There was a time not that long ago that a patient might never see a medical bill, much less have to read it. But few of us can afford to be blissfully ignorant anymore, as rising costs force insurers and employers to push higher deductibles and co-pays onto consumers.

What’s worse, once you get your bill, you may well decide it’s written in a language you don’t understand. Bills are chockablock full of complex coding and shorthand that insiders hope you never really understand. That strategy is working so far. Fully 77 percent of Americans say they don’t understand either the medical bills they receive or their health insurance. But it pays to be persistent. According to Medical Billing Advocates of America, 80 percent of medical bills contain some error. And, the most common ones are duplicate billing, typos in which the wrong coding or price is entered, charges for work that was cancelled and inflated operating room fees.

Of course, these errors could be in your favor or against you, but either way, you’ll want to know if your bill is simply wrong. Here’s how to read and understand your medical bill:

  • First off, understand that your charges can come from a variety of different sources, such as your doctor for the exam, the lab for testing and say, maybe radiology for services. The list can go on and on. Different sources means the possibilities for mistakes and errors escalates.
  • The second thing you’ll notice on an itemized bill from your doctor or hospital are five-figure codes. These are called CPT codes (for Current Procedural  Terminology). These codes are assigned to each and every service a primary care physician, specialist or technician provides a patient, including medical, surgical and diagnostic services. You can understand what these codes mean by going to the American Medical Association’s CodeManager on their website here (https://ocm.ama-assn.org/OCM/CPTRelativeValueSearch.do . You’ll have to fill out some details about yourself and promise not to use the information for anything but your personal information. But going to this extra trouble will allow you to see precisely what you are being billed for. Remember that some health care workers spend their entire careers mastering the CPT codes. So if you’re having trouble understanding them, ask your doctor’s office for details.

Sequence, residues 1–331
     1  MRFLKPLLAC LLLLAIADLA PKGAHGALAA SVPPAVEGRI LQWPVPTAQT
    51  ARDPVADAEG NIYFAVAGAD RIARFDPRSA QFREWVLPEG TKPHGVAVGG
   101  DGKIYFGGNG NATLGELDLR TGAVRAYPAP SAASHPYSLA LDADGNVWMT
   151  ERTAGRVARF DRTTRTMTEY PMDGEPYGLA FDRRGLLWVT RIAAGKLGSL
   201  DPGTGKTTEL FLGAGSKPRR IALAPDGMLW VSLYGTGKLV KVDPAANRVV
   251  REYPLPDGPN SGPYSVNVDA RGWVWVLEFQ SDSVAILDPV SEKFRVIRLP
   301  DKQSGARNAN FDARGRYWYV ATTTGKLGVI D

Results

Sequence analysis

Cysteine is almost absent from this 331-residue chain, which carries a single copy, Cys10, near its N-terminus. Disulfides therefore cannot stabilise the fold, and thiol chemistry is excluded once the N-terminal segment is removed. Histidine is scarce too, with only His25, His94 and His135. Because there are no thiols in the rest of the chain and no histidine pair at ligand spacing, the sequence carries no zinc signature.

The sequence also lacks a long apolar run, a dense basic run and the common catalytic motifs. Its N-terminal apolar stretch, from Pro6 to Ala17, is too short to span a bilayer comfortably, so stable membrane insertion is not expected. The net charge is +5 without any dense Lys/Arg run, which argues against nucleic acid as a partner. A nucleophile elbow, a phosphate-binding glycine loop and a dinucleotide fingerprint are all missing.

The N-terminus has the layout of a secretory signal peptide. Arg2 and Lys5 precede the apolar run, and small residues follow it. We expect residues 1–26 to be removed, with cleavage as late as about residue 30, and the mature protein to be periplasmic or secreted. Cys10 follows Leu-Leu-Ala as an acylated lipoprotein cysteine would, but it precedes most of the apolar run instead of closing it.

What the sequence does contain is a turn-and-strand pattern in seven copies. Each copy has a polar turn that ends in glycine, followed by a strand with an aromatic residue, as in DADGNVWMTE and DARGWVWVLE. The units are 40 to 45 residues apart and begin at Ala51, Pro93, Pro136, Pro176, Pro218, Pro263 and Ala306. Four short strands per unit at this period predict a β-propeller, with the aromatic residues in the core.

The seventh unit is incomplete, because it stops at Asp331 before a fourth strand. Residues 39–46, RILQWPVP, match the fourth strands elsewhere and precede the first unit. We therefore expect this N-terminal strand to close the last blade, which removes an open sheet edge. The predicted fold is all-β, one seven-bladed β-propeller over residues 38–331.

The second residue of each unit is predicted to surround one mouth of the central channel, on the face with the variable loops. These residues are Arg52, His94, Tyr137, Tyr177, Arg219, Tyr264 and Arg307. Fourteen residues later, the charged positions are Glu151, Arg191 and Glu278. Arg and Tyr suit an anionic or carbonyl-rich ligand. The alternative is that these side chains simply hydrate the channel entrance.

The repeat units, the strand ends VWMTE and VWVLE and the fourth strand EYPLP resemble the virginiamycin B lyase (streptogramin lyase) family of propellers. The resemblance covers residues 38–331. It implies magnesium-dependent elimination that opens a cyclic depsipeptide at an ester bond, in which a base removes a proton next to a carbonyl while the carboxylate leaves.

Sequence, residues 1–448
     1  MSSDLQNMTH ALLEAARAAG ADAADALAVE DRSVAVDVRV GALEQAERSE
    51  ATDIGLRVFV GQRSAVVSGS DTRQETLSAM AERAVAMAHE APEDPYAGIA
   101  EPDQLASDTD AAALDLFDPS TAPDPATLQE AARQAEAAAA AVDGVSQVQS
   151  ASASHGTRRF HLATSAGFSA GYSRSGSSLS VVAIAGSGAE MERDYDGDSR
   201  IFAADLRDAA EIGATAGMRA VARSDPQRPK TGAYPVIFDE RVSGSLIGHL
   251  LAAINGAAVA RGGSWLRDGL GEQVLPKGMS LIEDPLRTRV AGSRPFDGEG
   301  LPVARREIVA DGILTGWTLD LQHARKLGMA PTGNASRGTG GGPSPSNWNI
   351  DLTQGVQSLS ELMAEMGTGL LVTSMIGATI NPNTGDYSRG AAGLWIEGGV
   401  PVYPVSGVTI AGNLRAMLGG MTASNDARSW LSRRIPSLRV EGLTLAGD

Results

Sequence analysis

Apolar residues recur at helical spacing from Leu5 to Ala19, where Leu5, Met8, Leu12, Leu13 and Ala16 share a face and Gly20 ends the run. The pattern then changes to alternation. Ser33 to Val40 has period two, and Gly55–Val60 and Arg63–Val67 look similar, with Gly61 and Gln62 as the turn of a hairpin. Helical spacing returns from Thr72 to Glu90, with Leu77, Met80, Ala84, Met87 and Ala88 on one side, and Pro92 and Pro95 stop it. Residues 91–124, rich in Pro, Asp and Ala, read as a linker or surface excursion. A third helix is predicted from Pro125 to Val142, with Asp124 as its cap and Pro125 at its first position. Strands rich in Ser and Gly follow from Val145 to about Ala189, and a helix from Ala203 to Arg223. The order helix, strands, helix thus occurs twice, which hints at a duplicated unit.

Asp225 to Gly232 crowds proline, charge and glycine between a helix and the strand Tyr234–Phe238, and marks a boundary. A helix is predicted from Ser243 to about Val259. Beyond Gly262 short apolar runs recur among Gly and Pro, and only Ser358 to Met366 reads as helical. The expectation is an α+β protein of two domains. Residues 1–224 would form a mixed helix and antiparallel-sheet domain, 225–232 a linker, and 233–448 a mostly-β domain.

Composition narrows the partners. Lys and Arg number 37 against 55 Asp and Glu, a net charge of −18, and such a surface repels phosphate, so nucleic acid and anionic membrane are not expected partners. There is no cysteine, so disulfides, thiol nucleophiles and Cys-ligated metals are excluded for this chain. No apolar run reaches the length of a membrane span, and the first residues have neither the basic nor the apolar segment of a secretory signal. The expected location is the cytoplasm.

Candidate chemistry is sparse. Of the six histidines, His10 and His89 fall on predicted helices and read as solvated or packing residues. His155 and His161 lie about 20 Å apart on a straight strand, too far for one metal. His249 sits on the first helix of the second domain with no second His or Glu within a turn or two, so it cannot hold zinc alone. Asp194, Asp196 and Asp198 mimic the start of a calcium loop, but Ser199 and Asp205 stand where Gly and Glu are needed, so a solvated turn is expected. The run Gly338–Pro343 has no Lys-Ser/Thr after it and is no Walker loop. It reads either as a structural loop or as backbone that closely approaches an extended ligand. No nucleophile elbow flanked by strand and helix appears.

• Suffice it to say that the story of what you pay doesn’t end with the doctor’s bill. You’ll also receive an EOB or  Explanation of Benefits, from your insurer or Medicare. It will show how much of each service was paid for on your behalf. Like the doctor's bill, each service coded. You’ll want to verify that the CPT codes on your doctor’s statement match the codes on the insurer’s statement to be sure that you’re being charged for the services you are receiving. If they don’t match, contact your doctor and the insurance company.
  • Let’s talk about the bottom line. So, at the bottom of your final bill, you’ll see a line item called the “charge.” Consider this the sticker price and not the final price. The discounted price or “adjustment” will follow, which will factor in anything you’ve already paid from your co-pay to deductible or insurance.  The “balance” (sometimes called the Patient Responsibility”) is your final bill with whatever late fees or credits may have been paid.